Here are examples of how an information-gathering sign-up process looks in a B2B and B2C environment.
B2B: Ortto’s Sign Up Process
At Ortto, our sign-up process is incredibly simple. We ask the individual for some information about their business. We need this information to ensure that our welcome series is personalized and relevant.
Plus, our AI can generate email templates and other campaign materials in your brand’s style using the website URL, creating a more personalized experience.
B2B: Notion’s Import Options
Many B2B companies (including Ortto) will need their customers to connect other products or import data before they can really get the most out of the product. There are several ways to do this.
At Ortto, we cover this off in our welcome email (see below). Notion opts to do it during the sign-up process, while making it clear that the customer can choose to do it later on if they don’t have the time right now or want to further explore the product before any decisions are made.
You might notice that importing data from Evernote to Notion earns the user a $5 credit — possibly because the data has shown Evernote integration is a fast-track to ‘aha’ for existing users.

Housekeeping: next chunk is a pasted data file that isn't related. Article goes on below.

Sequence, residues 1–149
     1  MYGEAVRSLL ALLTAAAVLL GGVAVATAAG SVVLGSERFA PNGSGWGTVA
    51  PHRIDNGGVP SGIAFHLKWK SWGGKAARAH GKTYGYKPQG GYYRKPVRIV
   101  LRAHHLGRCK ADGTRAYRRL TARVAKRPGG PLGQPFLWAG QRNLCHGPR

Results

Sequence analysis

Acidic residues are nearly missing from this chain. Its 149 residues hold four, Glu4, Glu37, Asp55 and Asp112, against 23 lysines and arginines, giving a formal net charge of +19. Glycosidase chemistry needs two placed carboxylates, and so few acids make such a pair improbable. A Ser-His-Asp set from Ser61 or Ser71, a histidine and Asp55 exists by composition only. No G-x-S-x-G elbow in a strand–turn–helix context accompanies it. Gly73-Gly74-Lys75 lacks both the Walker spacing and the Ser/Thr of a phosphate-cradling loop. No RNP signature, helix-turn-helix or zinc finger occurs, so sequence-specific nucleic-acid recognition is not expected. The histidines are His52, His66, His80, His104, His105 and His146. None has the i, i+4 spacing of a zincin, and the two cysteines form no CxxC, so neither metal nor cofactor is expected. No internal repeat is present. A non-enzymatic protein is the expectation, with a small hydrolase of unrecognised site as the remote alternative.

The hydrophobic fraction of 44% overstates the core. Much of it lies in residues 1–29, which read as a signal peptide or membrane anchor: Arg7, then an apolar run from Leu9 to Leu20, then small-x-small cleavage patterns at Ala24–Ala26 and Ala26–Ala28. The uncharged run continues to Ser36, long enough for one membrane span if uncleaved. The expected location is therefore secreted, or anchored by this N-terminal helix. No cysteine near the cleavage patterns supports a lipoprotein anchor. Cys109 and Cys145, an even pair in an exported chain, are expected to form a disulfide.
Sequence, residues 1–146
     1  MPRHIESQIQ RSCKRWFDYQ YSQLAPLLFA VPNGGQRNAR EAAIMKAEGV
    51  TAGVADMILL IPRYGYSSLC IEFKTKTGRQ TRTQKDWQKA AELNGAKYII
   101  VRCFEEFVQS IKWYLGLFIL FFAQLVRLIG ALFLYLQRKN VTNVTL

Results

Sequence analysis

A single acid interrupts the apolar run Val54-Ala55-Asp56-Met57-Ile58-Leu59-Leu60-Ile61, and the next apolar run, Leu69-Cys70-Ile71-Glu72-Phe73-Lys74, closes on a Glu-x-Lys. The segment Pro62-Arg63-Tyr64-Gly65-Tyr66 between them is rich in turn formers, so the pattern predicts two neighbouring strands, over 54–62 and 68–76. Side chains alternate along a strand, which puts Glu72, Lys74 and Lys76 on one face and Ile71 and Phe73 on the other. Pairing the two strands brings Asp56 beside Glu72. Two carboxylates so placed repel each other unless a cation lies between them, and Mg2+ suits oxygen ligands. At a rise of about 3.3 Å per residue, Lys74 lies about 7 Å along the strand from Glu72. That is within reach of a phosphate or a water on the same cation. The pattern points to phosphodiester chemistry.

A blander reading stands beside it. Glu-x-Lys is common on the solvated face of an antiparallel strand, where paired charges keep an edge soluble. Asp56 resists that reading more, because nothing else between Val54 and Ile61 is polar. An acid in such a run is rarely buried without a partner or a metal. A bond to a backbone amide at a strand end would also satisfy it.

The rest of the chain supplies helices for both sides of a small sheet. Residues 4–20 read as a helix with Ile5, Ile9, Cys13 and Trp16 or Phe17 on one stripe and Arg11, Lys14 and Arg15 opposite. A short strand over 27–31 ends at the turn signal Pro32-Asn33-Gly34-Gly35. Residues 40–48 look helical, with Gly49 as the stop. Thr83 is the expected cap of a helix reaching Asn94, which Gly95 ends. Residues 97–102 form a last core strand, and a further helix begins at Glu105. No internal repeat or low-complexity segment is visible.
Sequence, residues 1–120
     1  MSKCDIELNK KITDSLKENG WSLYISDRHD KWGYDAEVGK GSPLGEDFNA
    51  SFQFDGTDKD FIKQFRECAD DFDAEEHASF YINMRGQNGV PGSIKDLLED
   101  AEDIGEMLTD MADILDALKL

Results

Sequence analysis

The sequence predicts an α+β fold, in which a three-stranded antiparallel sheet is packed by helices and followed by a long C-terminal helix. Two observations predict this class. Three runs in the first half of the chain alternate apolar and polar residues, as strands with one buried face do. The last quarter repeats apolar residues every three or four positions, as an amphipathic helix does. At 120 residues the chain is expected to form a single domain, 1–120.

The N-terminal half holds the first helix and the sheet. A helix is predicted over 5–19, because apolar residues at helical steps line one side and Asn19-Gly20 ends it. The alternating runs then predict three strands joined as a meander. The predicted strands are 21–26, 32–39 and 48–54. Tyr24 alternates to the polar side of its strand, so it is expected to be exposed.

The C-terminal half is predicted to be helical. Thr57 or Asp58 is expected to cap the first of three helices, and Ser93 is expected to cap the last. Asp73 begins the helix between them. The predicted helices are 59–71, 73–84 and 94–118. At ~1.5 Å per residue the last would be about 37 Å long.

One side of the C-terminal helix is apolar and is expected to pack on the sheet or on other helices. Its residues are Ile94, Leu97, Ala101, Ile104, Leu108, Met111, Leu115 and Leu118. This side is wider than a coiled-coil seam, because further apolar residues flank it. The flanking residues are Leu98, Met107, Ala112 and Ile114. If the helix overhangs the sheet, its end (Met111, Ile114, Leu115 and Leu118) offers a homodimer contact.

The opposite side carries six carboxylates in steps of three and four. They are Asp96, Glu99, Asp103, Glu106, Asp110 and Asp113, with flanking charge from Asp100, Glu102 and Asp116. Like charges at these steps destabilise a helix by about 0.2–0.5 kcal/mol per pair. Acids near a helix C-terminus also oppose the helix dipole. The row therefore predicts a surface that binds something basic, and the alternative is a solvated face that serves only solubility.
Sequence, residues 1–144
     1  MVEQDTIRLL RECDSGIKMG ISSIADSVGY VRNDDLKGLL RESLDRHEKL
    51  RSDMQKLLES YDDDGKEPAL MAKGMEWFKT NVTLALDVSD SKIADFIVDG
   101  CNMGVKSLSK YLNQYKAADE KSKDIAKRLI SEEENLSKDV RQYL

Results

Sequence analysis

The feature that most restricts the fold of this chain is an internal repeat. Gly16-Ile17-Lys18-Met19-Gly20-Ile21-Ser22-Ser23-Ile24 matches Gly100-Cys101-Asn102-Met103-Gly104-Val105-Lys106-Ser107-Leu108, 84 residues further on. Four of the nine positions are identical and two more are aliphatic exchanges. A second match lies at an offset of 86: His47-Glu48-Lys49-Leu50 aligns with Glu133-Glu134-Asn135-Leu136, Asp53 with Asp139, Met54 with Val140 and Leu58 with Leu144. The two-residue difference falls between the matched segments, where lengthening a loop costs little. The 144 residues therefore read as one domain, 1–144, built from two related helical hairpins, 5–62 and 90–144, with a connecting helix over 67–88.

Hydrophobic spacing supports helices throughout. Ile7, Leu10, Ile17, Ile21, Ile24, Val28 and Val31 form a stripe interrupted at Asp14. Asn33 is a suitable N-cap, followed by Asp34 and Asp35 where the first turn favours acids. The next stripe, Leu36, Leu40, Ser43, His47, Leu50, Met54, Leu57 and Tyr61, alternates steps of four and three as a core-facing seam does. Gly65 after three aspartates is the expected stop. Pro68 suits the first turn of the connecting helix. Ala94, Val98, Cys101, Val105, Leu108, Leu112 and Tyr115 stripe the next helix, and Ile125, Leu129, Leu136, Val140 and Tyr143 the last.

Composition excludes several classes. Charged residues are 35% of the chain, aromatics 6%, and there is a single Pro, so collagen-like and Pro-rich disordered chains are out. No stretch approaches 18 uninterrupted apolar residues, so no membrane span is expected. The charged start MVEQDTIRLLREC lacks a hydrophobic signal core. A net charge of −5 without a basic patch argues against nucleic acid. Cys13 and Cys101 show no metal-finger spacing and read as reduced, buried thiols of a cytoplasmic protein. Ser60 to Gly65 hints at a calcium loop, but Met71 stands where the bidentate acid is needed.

The advantage of having this pop up during sign-up is that the customer will land in the product with a lot more information and they’ll be closer to qualified lead status. The disadvantage is that it may deter some people from getting to the end of the sign-up process — but the ability to skip does solve that.
Whether your data import process comes at sign up or later, it’s important to make the connection easy (we have one-click integrations on Ortto) and fast. If it can’t be fast, let the customer know that they can go away and do other things and set up a campaign that alerts the user when the import is complete.
B2C: Headspace’s sign-up process
Headspace is a meditation app designed to make meditation simple and accessible. Most people who sign up to Headspace have never meditated before, or have tried and given up. Helping their users make a habit of meditation is crucial to reduce churn, so they use behavioral psychology to create an onboarding experience that’s designed to make a habit stick.
First up, the user is asked why they want to meditate. We’re more likely to stick to healthy habits if the habit is anchored to a larger reason.
Next, they ask about timing, but rather than a simple ‘morning, noon, or night’ prompt, Headspace asks users to select an existing habit, like brushing their teeth.
This is a clever churn-busting tactic. We know that habit stacking — the act of connecting a new habit to an existing one — helps us stick to our new healthy habits, so Headspace is setting the user up to stack meditation with an existing habit.